This book aims to unpack the core message of the Labour Church and question the accepted views of the movement by pursuing an alternative way of analysing its history, significance and meaning. The religious influences on late-nineteenth/early-twentieth-century British Socialism are examined and placed within a wider context, highlighting a continuing theological imperative for the British Labour movement.
The book argues that the most distinctive feature of the Labour Church was Theological Socialism. For its founder, John Trevor, Theological Socialism was the literal Religion of Socialism, a post-Christian prophecy announcing the dawn of a new utopian era explained in terms of the Kingdom of God on earth; for members of the Labour Church, who are referred to as Theological Socialists, Theological Socialism was an inclusive message about God working through the Labour movement.
Challenging the historiography and reappraising the political significance of the Labour Church, this book will be of interest to students and scholars researching the intersection between religion and politics, as well as radical left history and politics more generally.
'I mistakenly began Johnson’s book expecting it would be a general history of this duality in the journey of the party – however, the first half is a detailed account of a small forgotten by-way off the main highway - one which I found fascinating…Johnson’s book is both a tribute to Trevor, an interesting account of his life and work and an analysis of the continuing interweaving strands of faith and political struggle.'
Linda Shampan,Labour Heritage Bulletin, Autumn 2018.
1. The Religions of Socialism: Answering the Labour Question
2. John Trevor: Prophet of Theological Socialism
3. Theological Socialism: Gospel of the Labour Church
4. The Theological Socialists: Labour Church Disciples
5. Forgotten Histories of the Labour Church (post-1914)
Appendix 1 - a written reconstruction of the first Labour Church service
Appendix 2 - D. F. Summers' reconstruction of a Labour Church service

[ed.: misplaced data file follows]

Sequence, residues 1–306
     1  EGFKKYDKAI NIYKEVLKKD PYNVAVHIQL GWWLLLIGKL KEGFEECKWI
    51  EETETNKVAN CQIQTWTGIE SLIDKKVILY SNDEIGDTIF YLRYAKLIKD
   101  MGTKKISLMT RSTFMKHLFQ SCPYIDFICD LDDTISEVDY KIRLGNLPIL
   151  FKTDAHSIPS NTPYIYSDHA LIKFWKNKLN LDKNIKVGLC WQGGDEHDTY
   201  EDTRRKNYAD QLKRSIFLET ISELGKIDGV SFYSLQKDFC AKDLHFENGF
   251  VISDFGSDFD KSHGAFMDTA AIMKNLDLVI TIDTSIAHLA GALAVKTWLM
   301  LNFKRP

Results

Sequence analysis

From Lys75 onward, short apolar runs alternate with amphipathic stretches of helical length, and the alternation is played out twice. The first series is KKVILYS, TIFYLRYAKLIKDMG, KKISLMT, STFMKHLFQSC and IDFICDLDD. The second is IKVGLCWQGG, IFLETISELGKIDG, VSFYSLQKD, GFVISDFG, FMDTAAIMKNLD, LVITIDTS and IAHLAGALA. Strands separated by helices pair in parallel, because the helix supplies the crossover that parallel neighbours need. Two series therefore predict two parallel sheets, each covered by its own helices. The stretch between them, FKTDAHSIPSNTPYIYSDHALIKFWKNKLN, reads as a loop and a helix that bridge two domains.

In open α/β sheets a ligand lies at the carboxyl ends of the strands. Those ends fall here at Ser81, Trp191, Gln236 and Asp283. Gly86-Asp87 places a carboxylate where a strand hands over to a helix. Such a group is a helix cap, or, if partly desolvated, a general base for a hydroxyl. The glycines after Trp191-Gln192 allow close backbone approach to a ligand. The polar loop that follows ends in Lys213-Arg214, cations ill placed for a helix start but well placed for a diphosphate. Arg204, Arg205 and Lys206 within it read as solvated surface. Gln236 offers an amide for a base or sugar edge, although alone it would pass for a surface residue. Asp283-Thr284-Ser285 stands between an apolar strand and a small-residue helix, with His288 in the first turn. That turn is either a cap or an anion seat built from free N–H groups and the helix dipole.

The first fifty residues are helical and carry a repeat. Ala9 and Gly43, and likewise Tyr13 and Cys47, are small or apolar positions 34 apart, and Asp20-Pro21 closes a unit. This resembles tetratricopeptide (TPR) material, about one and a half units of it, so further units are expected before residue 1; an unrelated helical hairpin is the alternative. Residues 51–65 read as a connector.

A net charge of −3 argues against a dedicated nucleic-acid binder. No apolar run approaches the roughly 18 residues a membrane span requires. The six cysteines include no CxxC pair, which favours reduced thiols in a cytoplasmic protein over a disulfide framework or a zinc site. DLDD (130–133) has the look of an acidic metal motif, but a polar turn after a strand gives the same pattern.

The series Routledge Studies in Radical History and Politics has two areas of interest. Firstly, this series aims to publish books which focus on the history of movements of the radical left. ‘Movement of the radical left’ is here interpreted in its broadest sense as encompassing those past movements for radical change which operated in the mainstream political arena as with political parties, and past movements for change which operated more outside the mainstream as with millenarian movements, anarchist groups, utopian socialist communities, and trade unions. Secondly, this series aims to publish books which focus on more contemporary expressions of radical left-wing politics. Recent years have been witness to the emergence of a multitude of new radical movements adept at getting their voices in the public sphere. From those participating in the Arab Spring, the Occupy movement, community unionism, social media forums, independent media outlets, local voluntary organisations campaigning for progressive change, and so on, it seems to be the case that innovative networks of radicalism are being constructed in civil society that operate in different public forms.
The series very much welcomes titles with a British focus, but is not limited to any particular national context or region. The series will encourage scholars who contribute to this series to draw on perspectives and insights from other disciplines.